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Myths and Facts About Compressed Air

Important Notes on Air Treatment for Textile Plants

Imtiaz Rastgar

Compressors Myths and Facts

Myth: it is safe to clean dirt and debris from a work area using compressed air.

Fact: No. This is an unsafe practice. Cleaning a work area using compressed air could result in serious injury as a result of particulate striking or entering the eyes, ears or skin. A safer alternative is to use a vacuum, mop or broom to remove dirt and debris.

Myth: Variable speed drive is always the best solution for the most efficient part-load performance.

Fact: Not necessarily. Inherent to their design, variable speed drive compressors have an optimum tip speed range where they operate most efficiently. If the compressor load requirements fall outside of this range, other control options may provide the most efficient solution. The compressor provider will need to consider the numerous application requirements in order to recommend the most efficient compressed air solution for the job.

Myth: Variable speed drive increases oil carryover.

Fact: Operating at reduced speeds should have no detrimental impact on oil carryover. The reduced airflow will lower the velocity through the separator media, which will improve its efficiency. There are two primary contributors to an increase in carryover, lower pressure and higher temperature. Neither of these issues is caused by the addition of a VSD.

Myth: using a variable speed drive compressor eliminates the need for a flow controller.

Fact: every application is different, but there are clearly systems that would benefit from the stable, constant pressure that a flow controller can provide in a very dynamic system and the part load efficiency of a VSD compressor. Even with a flow controller and proper storage, an optimized system will fill the storage in the most efficient manner. In many systems, this can include a VSD compressor.

Myth: All “Synthetic” compressor fluids are the same.

Fact: No, they are not the same. When looking at air compressor fluids, the term “Synthetic” is often used to describe the base stock. Since “Synthetic” simply means that the fluid is not a hydrocarbon base stock, it encompasses many different base stocks which offer dramatically different performance. The real question is what is the synthetic base stock, PAG, Diester, PAO? Once you determine the base stock you can evaluate its advantages and disadvantages.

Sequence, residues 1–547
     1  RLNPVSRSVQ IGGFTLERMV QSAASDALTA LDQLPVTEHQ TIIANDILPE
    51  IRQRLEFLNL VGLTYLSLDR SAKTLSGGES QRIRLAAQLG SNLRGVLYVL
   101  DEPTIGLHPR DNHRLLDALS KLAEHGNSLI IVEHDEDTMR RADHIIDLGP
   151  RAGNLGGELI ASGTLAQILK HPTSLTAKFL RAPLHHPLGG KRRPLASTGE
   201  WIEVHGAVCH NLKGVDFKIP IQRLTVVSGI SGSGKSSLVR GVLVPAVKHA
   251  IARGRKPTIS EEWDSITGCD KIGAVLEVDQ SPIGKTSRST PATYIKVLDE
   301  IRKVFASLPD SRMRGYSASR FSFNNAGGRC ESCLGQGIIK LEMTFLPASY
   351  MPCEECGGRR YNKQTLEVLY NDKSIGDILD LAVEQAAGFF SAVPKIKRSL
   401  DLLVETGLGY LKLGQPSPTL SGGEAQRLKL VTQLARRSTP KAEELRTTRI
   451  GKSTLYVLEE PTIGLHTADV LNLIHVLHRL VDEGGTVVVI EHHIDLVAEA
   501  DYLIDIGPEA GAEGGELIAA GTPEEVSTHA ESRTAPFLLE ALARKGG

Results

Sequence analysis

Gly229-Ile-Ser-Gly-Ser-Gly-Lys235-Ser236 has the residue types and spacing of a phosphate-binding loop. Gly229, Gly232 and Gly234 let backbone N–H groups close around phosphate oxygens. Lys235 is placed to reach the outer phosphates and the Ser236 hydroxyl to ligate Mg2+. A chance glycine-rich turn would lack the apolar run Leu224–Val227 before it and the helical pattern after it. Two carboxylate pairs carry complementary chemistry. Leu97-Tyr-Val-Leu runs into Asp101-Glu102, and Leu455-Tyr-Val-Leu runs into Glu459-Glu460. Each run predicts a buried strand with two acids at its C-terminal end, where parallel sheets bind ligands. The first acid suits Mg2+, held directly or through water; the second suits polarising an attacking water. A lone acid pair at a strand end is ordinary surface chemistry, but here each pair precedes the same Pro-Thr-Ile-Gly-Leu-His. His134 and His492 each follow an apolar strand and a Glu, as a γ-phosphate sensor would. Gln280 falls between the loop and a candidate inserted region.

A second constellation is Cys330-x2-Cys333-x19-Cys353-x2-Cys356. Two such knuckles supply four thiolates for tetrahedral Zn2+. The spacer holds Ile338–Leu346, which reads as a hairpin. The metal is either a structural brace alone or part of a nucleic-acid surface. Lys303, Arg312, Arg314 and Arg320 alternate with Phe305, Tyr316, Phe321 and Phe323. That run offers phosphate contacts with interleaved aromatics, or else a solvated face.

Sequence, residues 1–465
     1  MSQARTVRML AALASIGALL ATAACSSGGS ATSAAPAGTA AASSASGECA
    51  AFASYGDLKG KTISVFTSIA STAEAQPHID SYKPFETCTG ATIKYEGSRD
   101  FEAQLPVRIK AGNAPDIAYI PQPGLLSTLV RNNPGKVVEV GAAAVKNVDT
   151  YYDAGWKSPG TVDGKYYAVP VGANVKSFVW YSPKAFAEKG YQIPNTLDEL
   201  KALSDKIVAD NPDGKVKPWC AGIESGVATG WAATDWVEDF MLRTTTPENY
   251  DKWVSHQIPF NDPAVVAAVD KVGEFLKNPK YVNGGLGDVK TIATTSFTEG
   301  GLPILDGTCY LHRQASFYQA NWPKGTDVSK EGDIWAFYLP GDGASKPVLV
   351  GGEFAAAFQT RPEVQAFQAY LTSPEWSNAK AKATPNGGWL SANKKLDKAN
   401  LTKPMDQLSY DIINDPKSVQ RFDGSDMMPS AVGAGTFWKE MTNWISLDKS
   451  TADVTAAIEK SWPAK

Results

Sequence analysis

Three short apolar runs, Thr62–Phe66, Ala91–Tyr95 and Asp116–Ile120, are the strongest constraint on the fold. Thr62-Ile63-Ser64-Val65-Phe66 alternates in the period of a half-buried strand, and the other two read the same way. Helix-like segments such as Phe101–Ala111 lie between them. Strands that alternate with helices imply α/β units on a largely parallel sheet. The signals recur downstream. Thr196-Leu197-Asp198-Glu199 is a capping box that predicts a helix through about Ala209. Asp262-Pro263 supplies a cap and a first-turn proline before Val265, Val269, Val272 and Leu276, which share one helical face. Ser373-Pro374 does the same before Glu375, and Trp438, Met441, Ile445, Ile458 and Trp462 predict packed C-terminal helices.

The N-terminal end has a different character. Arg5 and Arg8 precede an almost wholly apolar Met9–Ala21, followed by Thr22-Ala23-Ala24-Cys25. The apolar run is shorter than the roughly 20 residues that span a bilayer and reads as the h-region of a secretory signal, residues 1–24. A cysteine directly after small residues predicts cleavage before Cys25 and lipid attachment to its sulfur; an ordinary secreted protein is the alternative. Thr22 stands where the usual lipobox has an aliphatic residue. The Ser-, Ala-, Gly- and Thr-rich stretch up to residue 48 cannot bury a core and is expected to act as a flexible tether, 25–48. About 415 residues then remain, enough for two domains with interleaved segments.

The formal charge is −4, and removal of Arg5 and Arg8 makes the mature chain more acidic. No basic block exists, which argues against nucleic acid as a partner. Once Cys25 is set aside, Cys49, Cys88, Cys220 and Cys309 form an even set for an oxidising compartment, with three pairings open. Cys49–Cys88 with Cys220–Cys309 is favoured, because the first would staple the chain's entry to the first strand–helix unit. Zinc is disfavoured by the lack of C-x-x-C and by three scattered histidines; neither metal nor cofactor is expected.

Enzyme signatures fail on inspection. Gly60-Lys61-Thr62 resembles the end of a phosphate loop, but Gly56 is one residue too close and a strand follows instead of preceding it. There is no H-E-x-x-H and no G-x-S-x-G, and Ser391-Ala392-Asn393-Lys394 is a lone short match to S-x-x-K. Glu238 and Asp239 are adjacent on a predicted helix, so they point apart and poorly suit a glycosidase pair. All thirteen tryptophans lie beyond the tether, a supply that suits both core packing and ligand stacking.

Myth: All Polyglycol(PAG) blended compressor fluids are the same.

Fact: Polyglycol compressor fluids are generally blended with one of two types of ‘Esters,’ “Polyolesters” or “Diesters.” These two differ drastically in their performance in a rotary screw air compressor.

Polyolesters (POE): POE’s handle heat very well and run varnish and sludge free. They are best known as jet engine lubricants. They are expensive and are used in applications where performance is critical, like in a rotary screw air compressor.

Diesters: Diesters are low cost and have the potential to cause sludge. Sludge can become very costly to a company’s bottom line, reducing compressor efficiency and becoming very expensive to remove from a compressor system once it forms. Diesters also cause swelling in gaskets, seals, and hose liners. This results in problems with leaks, swelling of O-rings and deterioration of shaft seals.

BEWARE, many generic Polyglycol/Ester blends turn out to be a Diester base with a minimum amount of Polyglycol. These generic fluids will have all the issues associated with a Diester fluid.

Myth: Generic replacement parts and compressor lubricants are the same as manufacturer proprietary parts and lubricants.

Fact: Maintenance kits and manufacturer proprietary replacement parts and lubricants offer the best overall performance. They are designed to maintain unit efficiency and reliability. Generic parts increase liability, decrease performance, and may void manufacturer warranties.

Air Treatment Myths and Facts

Myth: Filter elements should only be changed when differential pressure is high.

Fact: you install compressed air filtration to improve air quality. DP gauges/indicators are blockage indicators not air quality indicators. To ensure your compressed air quality, filter elements should be changed annually in line with manufacturer’s instructions.

Myth: Coalescing filters are ONLY for oil removal.

Fact: Coalescing filters have an even higher capture rate with solid contaminants than with liquids.

Myth: Oil contamination is not present in atmospheric air.

Fact: Atmospheric air typically contains between 0.05mg/m3 and 0.5mg/m3 of oil vapor from sources such as car exhausts and industrial processes. As oil free compressors use large quantities of atmospheric air and atmospheric air contains oil vapor which can cool and condense in the compressed air systems, the use of oil free compressors does not guarantee oil free air.